At the heart of the concern are Noninvasive Prenatal Screening (NIPS) tests, which are used to assess a baby's risk of having a genetic abnormality rather than definitively confirming one or ruling one out. However, labs often claim that they are highly accurate and reliable, and women are making life-and-death decisions based on their results.
The FDA said that it “is concerned that these claims may not be supported with sound scientific evidence” and that there is a particularly high chance of getting a false positive when screening for rare disorders such as microdeletions.
The agency also noted that it was aware that women have been getting abortions based solely on the results of these tests. They warned that there is no way to know if a baby actually has a genetic abnormality indicated by the screening without getting a confirmatory diagnostic test. In some cases, a screening test may indicate the presence of a genetic abnormality only for a diagnostic test to later find it does not exist.
Part of the problem is that NIPS tests results are indeed accurate when they are negative. In fact, they enjoy a 99.9% chance of accuracy on negative results. However, when the results come back positive, the rate of accuracy is considerably lower depending on the abnormality in question – and many women aren't aware of this fact.
Of all the abnormalities, the tests' reliability for the detection of Down syndrome in positive results was the highest at 90 percent, which means there is still a notable 10 percent chance of getting a false positive. The numbers are much worse for other disorders. For example, for microdeletion disorder such as Di George Syndrome, which causes delayed language acquisition and heart defects, the FDA notes that the positive predictive value ranges from 2 to 30 percent. Therefore, the American College of Obstetricians and Gynecologists does not recommend using these tests for detecting microdeletions.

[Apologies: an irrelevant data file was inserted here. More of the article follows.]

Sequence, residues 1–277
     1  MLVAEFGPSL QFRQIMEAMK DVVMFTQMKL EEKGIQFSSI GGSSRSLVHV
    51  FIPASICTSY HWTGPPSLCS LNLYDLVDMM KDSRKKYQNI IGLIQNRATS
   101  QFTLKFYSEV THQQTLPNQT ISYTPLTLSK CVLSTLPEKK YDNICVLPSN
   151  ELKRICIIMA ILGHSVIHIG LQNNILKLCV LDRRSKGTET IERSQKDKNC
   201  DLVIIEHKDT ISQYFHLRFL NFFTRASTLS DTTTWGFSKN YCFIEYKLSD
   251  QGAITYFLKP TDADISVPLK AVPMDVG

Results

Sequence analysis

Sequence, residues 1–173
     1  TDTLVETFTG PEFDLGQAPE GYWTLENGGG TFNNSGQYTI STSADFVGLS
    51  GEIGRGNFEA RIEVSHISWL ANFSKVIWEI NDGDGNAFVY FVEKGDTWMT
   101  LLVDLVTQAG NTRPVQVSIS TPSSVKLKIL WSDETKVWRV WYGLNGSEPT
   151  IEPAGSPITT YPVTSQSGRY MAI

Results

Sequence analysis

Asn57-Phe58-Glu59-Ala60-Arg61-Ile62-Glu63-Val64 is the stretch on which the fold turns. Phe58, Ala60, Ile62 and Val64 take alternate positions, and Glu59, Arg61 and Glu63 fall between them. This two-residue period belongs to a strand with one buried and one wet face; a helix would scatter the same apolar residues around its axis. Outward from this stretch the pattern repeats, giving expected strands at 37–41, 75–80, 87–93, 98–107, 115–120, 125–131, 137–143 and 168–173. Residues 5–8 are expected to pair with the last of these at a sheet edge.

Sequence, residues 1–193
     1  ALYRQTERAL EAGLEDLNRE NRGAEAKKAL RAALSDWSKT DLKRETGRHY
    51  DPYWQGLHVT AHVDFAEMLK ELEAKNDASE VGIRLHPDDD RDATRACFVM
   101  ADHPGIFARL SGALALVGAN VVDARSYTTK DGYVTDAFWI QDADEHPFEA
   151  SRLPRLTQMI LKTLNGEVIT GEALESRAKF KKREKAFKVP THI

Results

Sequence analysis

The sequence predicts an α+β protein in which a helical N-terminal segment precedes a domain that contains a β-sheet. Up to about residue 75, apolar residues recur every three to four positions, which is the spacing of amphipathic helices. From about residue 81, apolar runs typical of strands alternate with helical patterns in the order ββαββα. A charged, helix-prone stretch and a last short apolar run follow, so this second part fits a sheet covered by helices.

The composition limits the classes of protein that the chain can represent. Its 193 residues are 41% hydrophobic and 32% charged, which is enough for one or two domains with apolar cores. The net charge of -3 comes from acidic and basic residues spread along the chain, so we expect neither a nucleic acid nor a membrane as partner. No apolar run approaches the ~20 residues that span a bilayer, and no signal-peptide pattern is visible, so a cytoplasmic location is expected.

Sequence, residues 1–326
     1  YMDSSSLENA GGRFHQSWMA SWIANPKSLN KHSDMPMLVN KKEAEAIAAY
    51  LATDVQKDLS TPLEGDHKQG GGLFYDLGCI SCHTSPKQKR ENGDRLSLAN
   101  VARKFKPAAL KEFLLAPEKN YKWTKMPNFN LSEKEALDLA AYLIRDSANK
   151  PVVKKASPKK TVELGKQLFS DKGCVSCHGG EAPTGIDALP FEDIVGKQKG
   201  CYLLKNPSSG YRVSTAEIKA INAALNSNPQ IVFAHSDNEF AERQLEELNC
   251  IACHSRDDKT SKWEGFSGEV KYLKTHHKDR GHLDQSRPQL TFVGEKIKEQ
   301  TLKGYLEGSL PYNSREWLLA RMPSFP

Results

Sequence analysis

According to the FDA, the notice was prompted by an increase in the use of NIPS tests and “concerns raised in recent media reports.”
They may be referring, at least in part, to a New York Times report on January 1 that revealed microdeletion tests yield 85 percent false positives. A geneticist quoted in the story said they knew of a woman who had aborted her baby over the results only to discover when follow-up test results came in later that the baby had actually been healthy.
In interviews with 14 patients who were given false positives for genetic disorders, the publication found that more than half of them said they were never given any information about the possibility of false positives, and five of them characterized their doctors’ treatment of the test results as “definitive.”
Another story in the Boston Globe quoted a doctor discussing three abortions after unconfirmed positive results in these tests.
The Times also found that many of the patient and doctor brochures from popular testing companies do not mention the possibility of false positives occurring, and only one indicated how often each test gets a positive result wrong.
With a third of all pregnant women in the U.S. taking these tests every year and many women basing decisions about whether to terminate on the results, this deception needs to stop, and companies and healthcare providers need to be more up front about the limitations of these tests.
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